I know this job sounds really fantastic, and it can be. But there are frustrations on occasion. Today, for example, I spent at least 15 minutes looking for a relic in a church. I never did find it, there was no one in the church to ask and no TI. I hate when I am missing something and I cannot resolve the problem. Even worse is that our schedule is really tight. I had lost precious time that I could have spent elsewhere. It may seem silly to worry about something so small, but consider that thousands of people use this book. If it’s wrong, thousands of people will waste 15 minutes looking for the same thing.

The physical aspect is also a bit of a challenge. I walk all day, up and down thousands of stairs. I’ve been assigned the hilltowns of Italy, which is great, but by the end of the day I find that these hilltowns have the magical ability of being uphill both ways. My feet are ok because I’ve brought good shoes with great insoles, but my legs are achey by bedtime. Nothing a glass of wine and a stretch can’t fix. Self care is an important thing in travel, I’ve learned that the hard way.

Evening

Once the museums have closed, the next phase begins- restaurants. I’ll usually take a wee break about 6:30, then head out at 7:30 to check restaurants. If I go any earlier, most places are deserted. Italian dinner doesn’t begin before 7, and most actual Italians don’t arrive before 8:30, often much later. I need to see places when they are really hopping, to smell the food, feel the vibe, get a sense of the service.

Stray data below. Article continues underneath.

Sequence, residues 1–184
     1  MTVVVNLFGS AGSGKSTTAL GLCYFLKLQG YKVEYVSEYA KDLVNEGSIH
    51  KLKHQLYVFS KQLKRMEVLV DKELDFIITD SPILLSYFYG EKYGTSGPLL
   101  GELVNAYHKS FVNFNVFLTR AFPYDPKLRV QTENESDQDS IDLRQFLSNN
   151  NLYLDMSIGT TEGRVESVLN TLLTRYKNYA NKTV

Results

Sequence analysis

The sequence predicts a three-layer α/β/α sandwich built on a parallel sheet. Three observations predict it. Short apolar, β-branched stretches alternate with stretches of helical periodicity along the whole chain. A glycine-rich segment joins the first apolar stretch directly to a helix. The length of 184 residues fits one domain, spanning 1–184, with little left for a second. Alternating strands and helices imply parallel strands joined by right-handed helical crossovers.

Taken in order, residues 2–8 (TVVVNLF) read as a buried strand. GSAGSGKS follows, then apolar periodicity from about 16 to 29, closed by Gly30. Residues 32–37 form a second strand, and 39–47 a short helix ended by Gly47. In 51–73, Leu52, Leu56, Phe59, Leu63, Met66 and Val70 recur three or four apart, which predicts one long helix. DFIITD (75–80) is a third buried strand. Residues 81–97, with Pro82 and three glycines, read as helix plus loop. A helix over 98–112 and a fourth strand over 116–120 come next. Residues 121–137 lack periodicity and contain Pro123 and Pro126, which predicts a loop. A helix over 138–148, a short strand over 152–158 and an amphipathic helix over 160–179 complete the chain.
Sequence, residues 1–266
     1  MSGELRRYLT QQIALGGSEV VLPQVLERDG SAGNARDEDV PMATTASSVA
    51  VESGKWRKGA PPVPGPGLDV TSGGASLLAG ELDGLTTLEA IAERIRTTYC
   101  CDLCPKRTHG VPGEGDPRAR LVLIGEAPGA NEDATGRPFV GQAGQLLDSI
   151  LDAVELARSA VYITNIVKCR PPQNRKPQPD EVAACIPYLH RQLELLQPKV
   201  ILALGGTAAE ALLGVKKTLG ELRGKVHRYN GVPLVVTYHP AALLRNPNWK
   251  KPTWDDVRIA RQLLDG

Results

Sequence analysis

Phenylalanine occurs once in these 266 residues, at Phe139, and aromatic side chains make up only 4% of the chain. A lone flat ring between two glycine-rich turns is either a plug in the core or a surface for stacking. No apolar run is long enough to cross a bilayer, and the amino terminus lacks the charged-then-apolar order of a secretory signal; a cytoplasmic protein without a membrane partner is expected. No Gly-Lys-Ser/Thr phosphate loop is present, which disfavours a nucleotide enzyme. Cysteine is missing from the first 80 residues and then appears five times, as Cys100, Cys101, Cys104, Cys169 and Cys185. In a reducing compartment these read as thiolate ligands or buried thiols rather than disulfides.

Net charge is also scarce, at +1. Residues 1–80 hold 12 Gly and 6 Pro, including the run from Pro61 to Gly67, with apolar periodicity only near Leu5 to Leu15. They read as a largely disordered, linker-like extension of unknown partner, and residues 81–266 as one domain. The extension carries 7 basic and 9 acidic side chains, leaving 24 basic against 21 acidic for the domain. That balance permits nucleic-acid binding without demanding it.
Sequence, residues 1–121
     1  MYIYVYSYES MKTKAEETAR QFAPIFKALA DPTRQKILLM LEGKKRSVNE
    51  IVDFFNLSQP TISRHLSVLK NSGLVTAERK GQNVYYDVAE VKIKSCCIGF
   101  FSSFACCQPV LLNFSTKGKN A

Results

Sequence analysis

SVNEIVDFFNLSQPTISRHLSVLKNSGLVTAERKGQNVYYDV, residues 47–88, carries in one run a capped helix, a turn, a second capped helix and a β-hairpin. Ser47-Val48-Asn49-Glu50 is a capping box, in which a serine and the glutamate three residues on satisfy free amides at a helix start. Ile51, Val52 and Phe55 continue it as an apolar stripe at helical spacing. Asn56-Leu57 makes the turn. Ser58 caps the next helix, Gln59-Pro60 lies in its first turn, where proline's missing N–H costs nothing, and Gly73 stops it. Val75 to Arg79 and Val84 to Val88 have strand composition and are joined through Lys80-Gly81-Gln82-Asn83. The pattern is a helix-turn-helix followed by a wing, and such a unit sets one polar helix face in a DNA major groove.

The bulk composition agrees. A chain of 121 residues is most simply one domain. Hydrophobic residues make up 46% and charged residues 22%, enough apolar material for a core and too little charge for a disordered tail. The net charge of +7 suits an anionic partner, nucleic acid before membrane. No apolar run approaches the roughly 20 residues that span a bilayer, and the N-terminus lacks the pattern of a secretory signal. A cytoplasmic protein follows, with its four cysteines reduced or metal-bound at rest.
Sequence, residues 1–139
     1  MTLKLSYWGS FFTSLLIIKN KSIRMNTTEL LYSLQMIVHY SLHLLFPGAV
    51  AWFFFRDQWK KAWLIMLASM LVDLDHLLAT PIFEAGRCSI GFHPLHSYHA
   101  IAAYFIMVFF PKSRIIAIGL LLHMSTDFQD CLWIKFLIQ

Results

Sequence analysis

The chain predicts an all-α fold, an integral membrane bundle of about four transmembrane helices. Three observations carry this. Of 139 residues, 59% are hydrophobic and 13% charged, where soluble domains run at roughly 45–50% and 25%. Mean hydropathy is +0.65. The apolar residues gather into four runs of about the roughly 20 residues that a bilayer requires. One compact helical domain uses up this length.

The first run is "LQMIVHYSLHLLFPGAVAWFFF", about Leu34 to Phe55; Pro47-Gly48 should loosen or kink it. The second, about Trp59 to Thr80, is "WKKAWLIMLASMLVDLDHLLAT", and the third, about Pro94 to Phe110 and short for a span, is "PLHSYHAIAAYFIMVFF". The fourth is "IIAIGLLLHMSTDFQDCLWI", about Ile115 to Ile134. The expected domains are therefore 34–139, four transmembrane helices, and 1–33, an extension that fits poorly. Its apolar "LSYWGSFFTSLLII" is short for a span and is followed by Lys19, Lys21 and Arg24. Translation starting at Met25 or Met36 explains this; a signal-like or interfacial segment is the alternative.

I can’t possibly eat at every place in the book. I will usually strategize ahead of time and see which place looks most interesting to me, or which places have had negative feedback from readers. I’ll finish with the place I’d like to eat at, but will occasionally grab a cocktail or antipasto at places along the way. The restaurant owners are really fun. I’ve met some real characters, and they are so proud to be in our book.That’s a tough part sometimes. Many of the restaurant owners and hotel owners are glad to see us but only see us once a year. When “La Signora di Rick Steves” arrives, many of them want to take the opportunity to talk with me, as the proxy for Rick, and show me their best prosciutto. I enjoy that, the appreciation for our work is very sweet. However, this can be a trap. A restaurant I went into tonight should have taken me 10 minutes, max. The owner had different plans. He wanted to show me his whole operation, introduce me to his entire extended family. I tried to signal that I didn’t have time for that, but he talked end on end, without pause for more than 15 minutes. I didn’t  want to be the “brutta figura” or the one with bad manners, but I did have to resort using “Allora”, which in Italian means that it’s time to change the subject.